//14-bis was the first plane to fly under it's own power. Many think it should be the 'first' airplane since the Wright Brothers used a rail and later a catapult. Anyways, it had two wings (biplane-double-dubbel)  and was from Brasil, which has palm trees. It's also the 'first' beer posted on my blog. 

// 1 gallon batch

Grain Bill

2.5 lb 2 Row Malt
.325 lb Munich Malt
.30 lb Aromatic Malt
.25lb Special B Malt


60 minute mash
Target temp 148*F
Starting temp 153*F
Final temp 146*F
Lazy Fly Sparge @ 170*F 


15g Saaz (2.5%AA) @ 60 minutes
8.6 oz Palm Sugar @15 minutes


2/3 tube WLP530 Abby Ale Yeast
OG 1.080
FG 1.005
ABV 10.0%


Brewed 8/21/2012 with Katie

Overpitched (hard to be accurate using less than the full tube of yeast)

OG much less than anticipated

Fermented in my dad's closet, thermostat set to 78*F

Tasting Post

Thursday, August 23, 2012

The Complete Joy of Finding a Grain Mill

Finally got a chance to brew last weekend. I've been stuck with 4 batches mixed and ready to go.... except they weren't milled. And I don't have a mill.

I had been using the grain mill at New Republic Brewing, but after moving to Dallas I've been mill-less. (By the way, it takes skill to use the grain mill at a commercial microbrewery for 1 gallon batches of beer.)

I had been going to a wine making shop near where I'm living now. They had limited beer brewing equipment, but I was compensating for that with online ordering. I always had this picture of homebrew shops as a magical place that smells like grain and the staff talks to you about brewing like you're a long lost friend. Basically a homebrew club that sells you stuff. The wine making store didn't offer these things. I always got the feeling I was being hurried to finish shopping, and they didn't have a public grain mill. That was really the issue, because I had unmilled grain. Well it turned out that Homebrew Headquarters has several public mills. They restored my faith in homebrew shops, too. As I was checking out, I joined in on a conversation about crystal grains in extract vs. all grain, which I'll ask to the blogosphere soon.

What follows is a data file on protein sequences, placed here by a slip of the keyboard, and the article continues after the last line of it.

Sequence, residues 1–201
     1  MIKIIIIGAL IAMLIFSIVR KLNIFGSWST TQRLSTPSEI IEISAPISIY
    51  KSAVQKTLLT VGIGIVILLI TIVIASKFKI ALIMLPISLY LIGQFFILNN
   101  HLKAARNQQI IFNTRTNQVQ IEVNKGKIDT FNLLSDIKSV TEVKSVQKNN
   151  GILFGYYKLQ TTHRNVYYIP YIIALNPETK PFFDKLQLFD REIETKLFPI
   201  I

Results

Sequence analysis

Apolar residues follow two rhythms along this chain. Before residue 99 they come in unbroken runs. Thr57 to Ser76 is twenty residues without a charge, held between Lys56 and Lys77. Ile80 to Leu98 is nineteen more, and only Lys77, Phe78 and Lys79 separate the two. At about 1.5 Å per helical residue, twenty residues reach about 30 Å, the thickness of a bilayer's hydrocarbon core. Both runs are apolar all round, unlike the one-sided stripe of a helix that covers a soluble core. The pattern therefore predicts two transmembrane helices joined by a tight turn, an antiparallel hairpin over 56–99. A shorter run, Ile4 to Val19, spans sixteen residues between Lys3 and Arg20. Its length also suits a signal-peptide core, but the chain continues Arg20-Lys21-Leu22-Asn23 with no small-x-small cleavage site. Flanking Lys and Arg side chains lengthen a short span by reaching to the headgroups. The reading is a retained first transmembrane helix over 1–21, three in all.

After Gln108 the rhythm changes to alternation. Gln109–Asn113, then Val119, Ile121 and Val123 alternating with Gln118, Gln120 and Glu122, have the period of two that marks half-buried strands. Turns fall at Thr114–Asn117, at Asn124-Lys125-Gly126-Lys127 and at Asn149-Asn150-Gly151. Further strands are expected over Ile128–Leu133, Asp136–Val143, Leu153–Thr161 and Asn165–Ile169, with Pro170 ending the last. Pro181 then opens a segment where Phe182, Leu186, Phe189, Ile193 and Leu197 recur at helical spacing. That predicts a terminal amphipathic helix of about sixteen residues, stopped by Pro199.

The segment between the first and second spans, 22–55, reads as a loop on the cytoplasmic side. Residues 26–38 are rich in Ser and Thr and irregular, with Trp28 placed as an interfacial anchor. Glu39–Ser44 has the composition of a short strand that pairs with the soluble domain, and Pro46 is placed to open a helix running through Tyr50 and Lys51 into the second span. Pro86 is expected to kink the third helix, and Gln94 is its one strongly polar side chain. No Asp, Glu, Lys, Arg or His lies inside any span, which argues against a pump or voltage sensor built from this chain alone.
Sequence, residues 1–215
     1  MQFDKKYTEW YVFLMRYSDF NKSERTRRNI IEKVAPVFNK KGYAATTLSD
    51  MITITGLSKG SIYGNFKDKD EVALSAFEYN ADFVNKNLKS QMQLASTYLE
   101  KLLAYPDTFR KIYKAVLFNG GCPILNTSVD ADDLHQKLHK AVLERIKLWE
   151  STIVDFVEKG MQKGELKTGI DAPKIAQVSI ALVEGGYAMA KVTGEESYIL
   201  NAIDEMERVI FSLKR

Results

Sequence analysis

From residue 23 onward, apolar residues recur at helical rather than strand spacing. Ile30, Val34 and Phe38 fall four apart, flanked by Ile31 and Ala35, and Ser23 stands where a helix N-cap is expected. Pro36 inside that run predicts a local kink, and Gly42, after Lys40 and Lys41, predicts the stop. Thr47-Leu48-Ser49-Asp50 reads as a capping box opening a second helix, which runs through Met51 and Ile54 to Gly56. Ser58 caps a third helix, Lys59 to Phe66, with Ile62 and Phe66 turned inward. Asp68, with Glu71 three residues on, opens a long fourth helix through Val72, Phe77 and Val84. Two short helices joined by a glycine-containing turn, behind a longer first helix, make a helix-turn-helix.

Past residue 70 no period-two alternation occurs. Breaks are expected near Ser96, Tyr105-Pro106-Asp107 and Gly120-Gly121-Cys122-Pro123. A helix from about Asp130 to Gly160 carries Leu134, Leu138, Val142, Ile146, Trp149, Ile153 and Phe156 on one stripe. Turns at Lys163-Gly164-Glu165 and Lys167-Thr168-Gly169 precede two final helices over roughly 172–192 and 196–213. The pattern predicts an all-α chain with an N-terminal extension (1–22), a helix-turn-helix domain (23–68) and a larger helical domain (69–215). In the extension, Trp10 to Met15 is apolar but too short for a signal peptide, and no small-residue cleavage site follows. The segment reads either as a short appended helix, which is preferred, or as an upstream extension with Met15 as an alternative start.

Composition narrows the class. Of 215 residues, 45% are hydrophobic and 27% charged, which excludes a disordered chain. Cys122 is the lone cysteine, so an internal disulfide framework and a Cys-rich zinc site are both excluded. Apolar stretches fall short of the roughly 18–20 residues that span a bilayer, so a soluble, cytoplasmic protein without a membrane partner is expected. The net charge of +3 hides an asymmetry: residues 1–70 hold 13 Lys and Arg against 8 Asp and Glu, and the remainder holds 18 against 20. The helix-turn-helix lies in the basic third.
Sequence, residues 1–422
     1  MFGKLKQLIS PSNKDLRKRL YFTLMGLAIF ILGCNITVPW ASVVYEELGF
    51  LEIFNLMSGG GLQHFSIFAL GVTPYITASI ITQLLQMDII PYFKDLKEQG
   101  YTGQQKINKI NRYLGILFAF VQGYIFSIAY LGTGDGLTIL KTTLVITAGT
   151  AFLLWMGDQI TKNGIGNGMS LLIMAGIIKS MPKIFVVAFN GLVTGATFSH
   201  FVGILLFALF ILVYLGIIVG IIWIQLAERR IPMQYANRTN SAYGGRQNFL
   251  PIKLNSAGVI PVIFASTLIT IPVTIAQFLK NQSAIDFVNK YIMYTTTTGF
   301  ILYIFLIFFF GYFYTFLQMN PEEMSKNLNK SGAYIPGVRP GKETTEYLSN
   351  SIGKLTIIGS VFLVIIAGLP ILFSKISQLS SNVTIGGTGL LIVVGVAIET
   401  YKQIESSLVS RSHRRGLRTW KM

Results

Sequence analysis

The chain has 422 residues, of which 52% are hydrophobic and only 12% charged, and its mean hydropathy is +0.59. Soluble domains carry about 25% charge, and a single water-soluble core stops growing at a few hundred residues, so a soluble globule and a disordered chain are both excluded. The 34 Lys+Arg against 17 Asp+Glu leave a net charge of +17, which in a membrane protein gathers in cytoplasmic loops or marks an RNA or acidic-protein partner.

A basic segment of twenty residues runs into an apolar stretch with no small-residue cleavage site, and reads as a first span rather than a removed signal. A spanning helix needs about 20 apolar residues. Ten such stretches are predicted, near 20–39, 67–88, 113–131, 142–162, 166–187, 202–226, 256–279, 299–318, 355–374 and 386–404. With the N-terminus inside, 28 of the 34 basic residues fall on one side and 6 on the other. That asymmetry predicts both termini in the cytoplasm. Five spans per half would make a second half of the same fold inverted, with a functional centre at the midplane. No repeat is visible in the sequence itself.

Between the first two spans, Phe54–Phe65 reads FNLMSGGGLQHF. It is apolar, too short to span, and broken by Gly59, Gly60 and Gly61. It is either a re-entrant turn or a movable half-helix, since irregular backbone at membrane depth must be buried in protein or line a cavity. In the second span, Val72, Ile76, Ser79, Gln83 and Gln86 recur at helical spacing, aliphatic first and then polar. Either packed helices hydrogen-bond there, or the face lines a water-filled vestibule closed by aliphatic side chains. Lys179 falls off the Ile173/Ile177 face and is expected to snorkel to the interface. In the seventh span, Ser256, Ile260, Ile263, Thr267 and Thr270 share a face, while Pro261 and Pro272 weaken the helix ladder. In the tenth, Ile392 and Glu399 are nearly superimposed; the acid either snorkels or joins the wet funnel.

I don't want my blog to be a series of commercials, but these guys made me able to brew again so I'm happy.

Thursday, August 2, 2012

Jester King Visit

A big part of being a homebrewer is the fantasy of being a "real" brewer. Because of this, I really enjoy going to brewery tours. Different breweries don't have as varied of brewing systems as different homebrewers, but it is still interesting to see. As a craft beer fan, getting to try a handful of new beers at the peak of freshness is equally as awesome.

This last weekend, I went down to Austin to visit some friends that also happen to be into homebrewing and craft beer. We ended up going out to Jester King Brewery. They have been doing some awesome things with beer, and for the Texas craft beer industry as a whole.

I was most excited for one of their collaboration beers with Mikkeller, called Weasel Rodeo. It's a coffee stout/porter with chipotle peppers. It's a twist on their Beer Geek Rodeo. The twist is, the coffee is the most expensive coffee in the world, weasel coffee, which has passed through the digestive tract of weasels (or are they civets) in Indonesia.

I also got to try my first "sour" beer, although I'm not sure a Berliner Weisse counts. It was tasty, a little tart, with a yogurt like nose. I don't really have anything to compare it to for quality though. Unfortunately, they ran out of Boxer's Revenge before I could try my first "wild ale".